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Re: Text equivalents

From: Anne Pemberton <apembert@crosslink.net>
Date: Tue, 14 Mar 2000 09:58:06 -0500
Message-Id: <3.0.5.32.20000314095806.0083eba0@apembert.pop.crosslink.net>
To: love26@gorge.net, w3c-wai-gl@w3.org
At 01:46 AM 3/14/2000 -0800, William Loughborough wrote:
>If you have any ideas that might help, please let us know. The reason
>for providing text alternatives for illustrations is that this is useful
>for some people *AND WE KNOW HOW TO DO IT*. Of course we won't stop
>calling for that in the guidelines. If we simply say "provide
>alternatives to text" we are faced with the dilemma of trying to explain
>how to do that and I have absolutely no idea where to begin.

William,

	When I kept reading and re-reading the first guideline, it seemed to me
that the answer of "How to do it" was right there in the guideline. Simply
round out the guideline to include everything. If there is to be a text
alternative to audio, then audio is an alternative to text. Likewise,
graphics/illustrations, which require a text alternative, can be the
alternative to text. Video or multi-media is also an alternative to text
that is widely used (in the form of TV) by those who cannot process text.
In the site, http://www.ih.k12.oh.us/ps/americana/Eberle/EBsongs.htm , two
forms of information are provided, pictures of the persons, and songs that
describe why these people are important to study. The only text on the page
is the name of each person under the picture (which is the link to the
music). While the substance presented on the page may be a bit limited for
older folks, the format used can meet the needs of those who cannot process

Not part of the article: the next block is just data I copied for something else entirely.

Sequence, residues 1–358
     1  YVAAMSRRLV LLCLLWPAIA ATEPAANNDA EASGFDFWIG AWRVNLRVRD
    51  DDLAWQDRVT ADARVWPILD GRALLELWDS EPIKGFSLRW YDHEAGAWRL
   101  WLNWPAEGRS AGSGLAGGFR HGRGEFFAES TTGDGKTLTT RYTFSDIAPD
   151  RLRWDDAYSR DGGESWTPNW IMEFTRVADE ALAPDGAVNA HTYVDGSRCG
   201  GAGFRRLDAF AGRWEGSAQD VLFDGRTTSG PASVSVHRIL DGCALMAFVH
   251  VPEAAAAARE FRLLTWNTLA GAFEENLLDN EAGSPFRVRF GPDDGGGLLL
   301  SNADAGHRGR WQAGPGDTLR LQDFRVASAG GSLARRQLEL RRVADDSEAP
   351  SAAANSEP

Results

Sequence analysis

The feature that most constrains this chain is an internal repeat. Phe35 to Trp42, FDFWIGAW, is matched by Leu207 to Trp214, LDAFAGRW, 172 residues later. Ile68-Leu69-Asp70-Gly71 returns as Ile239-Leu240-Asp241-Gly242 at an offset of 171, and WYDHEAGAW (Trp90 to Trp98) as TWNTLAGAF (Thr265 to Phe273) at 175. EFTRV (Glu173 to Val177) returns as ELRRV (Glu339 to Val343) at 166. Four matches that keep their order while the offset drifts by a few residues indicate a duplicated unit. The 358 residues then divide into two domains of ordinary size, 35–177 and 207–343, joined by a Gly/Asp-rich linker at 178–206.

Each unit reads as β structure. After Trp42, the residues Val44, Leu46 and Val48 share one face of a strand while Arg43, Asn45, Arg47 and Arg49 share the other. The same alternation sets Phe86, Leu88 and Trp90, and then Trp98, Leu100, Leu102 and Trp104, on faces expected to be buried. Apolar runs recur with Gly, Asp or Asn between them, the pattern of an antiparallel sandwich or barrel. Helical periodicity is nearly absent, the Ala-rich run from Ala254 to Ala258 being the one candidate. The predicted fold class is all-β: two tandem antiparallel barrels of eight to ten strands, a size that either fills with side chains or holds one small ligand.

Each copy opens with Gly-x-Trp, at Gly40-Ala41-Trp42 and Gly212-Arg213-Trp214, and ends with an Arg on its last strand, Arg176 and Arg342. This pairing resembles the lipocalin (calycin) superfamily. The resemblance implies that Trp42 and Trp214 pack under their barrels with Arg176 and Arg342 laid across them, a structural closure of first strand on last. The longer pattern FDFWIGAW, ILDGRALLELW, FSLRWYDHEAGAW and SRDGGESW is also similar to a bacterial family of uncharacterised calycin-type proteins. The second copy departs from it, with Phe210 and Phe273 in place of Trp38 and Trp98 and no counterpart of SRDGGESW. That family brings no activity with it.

text. 

	It really is do-able, William, but it does require thinking "out of the
box" to look for what is useful to this population instead of text. 

	It may be necessary to look at all the "bad stuff" that isn't accessible
to those who prefer text, and identify those techniques that have come
about because the non-education segment of the web audience like them, and
determine those which have evolved because they meet needs of users, and
insure that the guidelines don't discourage these formats. One of the most
frequent "accommodation" provided to learning disabled high schoolers is to
have a teacher or adult "mark up" or highlight the important facts in a
text using color. Learning disabled as well as other kids are taught to use
tables and illustrations to guide understanding. All children are taught to
organize information into table format and to extract information from
tables. Sometimes the information put in tables is "data" and can be easily
linearized, but much tabular information is in sentences or paragraphs, and
without the table format, the relationship between facts is lost. These are
a few of the issues in the guidelines that I find problematic for this
large segment of the disabled communities. There are undoubtedly more I
haven't focused on.

	IMHO, the guidelines would be greatly improved if the need to provide
alternatives to text were included and stated as accommodations to the
needs of the many disabled who are now avoiding text on the web.


						Anne
	


	
Anne L. Pemberton
http://www.pen.k12.va.us/Pav/Academy1
http://www.erols.com/stevepem/Homeschooling
apembert@crosslink.net
Enabling Support Foundation
http://www.enabling.org
Received on Tuesday, 14 March 2000 18:12:50 GMT

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